I have a long list of things to do, and on it was create a quasi-professional blog that is entirely public facing. I work at Juniper Networks in Sunnyvale for the web team. I do a series of videos/vlogs for J-Net, which is the forums/communities for Juniper. In them I get to announce new features happening on J-Net or interview interesting people in the tech industry as well as key users within the community.
In a meeting earlier today, a co-worker reitterated the fact that social media is typically generational. It got me to thinking about how I have basically tapped into every avenue of social media.
Social media sites I belong to: LiveJournal, Blogger, YouTube, Myspace, Facebook, Digg, Twitter(2 accounts), PhotoBucket, Flickr, StumbleUpon, FriendFeed, Yelp... I used to be a member of friendster but that got to be a bit much. :)
I am always eager to learn new technology, and try to get others as hooked as I am. I'm not sure if that's because I love to spread the good word, or because I typically like other people to connect to. I think it's a bit of both but more of the latter.
My RSS feed and Twitter are two of my favorite online quick hits. I am hoping to eventually make myself a shirt that says "I twitter in bed" -- seemingly provocative but still true.
A bit of back story... [and possibly gloating]
I graduated from UC Berkeley where I wrote my own major. The long of it: "ISF (Interdisciplinary Studies Field Major) - Intercultural Studies of Visual Images and Representation". The short of it: I studied the way cultures receive media. Mass Comm and other such marketing majors seemed to have an approach to media that didn't sit right with me. Mass marketing has set formulas that ignore cultural and social cues. It's all so impersonal and impractical really. I mean, it works... it definitely works. But it ignores so much about people and their history and traditions. I have more to say on this topic, obviously, seeing as how I wrote a massive thesis about it. The point of this particular side-bar is to illuminate the fact that I decided to study individual cultures, and the history behind their particular reception of media and portrayal in media. The reason why this job is so perfect is that it constantly allows me the opportunity to get to know individuals. It also allows me to investigate the trends of "users" on our own site.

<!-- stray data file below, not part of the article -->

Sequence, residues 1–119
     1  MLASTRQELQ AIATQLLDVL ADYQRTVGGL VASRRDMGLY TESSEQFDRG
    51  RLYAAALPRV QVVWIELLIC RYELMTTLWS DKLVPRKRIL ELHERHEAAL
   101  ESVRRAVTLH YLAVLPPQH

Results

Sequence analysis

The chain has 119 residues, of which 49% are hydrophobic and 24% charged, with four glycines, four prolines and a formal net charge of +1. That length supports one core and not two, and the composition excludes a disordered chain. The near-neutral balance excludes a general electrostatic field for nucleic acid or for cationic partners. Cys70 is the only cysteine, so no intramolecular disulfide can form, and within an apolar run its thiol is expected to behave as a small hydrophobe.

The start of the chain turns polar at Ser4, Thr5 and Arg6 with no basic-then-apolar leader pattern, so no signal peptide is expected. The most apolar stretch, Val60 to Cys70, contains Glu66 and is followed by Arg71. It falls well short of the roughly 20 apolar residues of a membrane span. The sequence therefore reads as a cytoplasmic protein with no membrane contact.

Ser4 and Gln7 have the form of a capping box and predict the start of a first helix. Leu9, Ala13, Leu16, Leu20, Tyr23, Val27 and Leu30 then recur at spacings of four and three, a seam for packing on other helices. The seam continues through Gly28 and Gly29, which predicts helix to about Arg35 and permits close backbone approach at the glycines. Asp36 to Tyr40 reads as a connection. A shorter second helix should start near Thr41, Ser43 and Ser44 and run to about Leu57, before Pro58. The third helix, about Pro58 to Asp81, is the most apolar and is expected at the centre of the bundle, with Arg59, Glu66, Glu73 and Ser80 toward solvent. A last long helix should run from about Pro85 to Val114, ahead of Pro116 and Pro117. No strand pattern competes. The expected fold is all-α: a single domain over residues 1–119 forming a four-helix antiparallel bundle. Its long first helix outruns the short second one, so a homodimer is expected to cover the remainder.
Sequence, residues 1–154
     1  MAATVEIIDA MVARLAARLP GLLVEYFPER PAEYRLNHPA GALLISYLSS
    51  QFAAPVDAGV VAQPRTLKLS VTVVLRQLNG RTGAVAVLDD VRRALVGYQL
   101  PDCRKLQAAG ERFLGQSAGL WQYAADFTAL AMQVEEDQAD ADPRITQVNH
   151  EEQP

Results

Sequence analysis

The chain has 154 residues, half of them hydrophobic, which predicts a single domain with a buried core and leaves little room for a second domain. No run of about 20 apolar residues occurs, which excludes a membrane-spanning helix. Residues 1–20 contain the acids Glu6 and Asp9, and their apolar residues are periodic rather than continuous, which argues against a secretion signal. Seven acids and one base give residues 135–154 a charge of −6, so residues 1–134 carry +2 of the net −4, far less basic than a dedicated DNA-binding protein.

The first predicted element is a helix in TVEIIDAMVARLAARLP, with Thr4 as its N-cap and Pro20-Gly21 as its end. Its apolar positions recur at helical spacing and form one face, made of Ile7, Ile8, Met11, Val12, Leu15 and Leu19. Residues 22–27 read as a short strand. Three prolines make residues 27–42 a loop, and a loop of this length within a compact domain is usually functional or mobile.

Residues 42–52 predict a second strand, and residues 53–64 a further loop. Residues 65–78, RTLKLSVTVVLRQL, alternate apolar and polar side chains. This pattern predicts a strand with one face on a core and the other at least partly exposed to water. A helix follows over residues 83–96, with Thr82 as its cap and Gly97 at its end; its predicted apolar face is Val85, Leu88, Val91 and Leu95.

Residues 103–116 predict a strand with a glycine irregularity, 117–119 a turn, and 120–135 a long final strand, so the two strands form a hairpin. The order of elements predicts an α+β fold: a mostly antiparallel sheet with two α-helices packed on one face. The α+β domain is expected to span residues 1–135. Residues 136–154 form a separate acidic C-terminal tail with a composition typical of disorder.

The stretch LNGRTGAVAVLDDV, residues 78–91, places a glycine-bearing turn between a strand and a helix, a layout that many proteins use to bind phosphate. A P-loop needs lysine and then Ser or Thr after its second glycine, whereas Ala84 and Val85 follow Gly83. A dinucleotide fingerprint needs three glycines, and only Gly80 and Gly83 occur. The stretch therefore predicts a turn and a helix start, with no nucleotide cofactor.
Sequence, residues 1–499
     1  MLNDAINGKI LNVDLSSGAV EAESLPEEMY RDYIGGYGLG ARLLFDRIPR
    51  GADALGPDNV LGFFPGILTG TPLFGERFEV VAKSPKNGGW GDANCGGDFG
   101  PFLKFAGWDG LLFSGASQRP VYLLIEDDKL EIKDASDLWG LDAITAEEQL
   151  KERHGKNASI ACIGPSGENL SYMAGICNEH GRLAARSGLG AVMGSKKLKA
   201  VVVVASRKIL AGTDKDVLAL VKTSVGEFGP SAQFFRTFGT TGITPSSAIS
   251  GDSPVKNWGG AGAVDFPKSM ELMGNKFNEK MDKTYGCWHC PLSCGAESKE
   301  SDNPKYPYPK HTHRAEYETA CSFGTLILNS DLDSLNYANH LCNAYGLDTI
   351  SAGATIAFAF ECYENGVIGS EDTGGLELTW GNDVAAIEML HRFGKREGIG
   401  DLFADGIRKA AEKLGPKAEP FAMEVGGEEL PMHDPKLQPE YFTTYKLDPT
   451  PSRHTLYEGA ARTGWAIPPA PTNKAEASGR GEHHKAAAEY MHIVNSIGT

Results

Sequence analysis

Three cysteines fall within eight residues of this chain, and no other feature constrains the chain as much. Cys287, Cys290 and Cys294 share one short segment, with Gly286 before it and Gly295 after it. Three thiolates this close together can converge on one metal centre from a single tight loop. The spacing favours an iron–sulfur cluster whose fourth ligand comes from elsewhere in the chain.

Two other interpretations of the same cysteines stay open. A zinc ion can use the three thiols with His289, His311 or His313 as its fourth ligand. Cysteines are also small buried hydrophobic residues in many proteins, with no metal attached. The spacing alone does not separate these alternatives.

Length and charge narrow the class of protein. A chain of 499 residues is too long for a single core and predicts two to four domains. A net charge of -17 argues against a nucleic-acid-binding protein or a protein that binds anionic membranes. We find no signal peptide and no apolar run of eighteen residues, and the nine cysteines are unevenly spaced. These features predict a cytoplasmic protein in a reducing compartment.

The best part about the interviews are the moments that happen off-camera. We have small chats about things that aren't business, they are charming insights into each person. They are the reasons why they love their job, tales about their families, places traveled, highlights as to what technology they find most interesting in their day-to-day life. I love hearing these bits because it shows what people are behind this industry.
Doubtful I would have told you that I was going to be in the tech industry post-college. I figured I would be a rock star, an acrobat in Cirque de Soleil, or perhaps a helicopter pilot for a logging company. Instead, I work for a fairly large company. I have a cubicle that is riddled with word of the day calendars and airplane toys. I go to "important" meetings. I take notes. I buy pencil skirts and listen in to conference calls.
Sometimes I feel like I'm conducting my own experiment. And perhaps I am. I am learning what it is like to experience corporate society. But I still feel like I have a different impulse when it comes to the day-to-day. I want to know why everyone shows up in the morning, what their experiences are, why they were initially so passionate about the industry--and if their passion has shifted. The technology is remarkable and innovative, but it is only as good as the minds behind it.
I expect to outline my own adventures in social media, the people using it, the trends that come of it, and the industry it surrounds.
I encourage any conversation you may want to add. Are you a J-Net member? Introduce yourself. Not a J-Net member? Still introduce yourself, and maybe afterwards puruse our forums anyway just to get a look at what I do and see what I am so passionate about.
Pleased to meet you, I look forward to what happens next.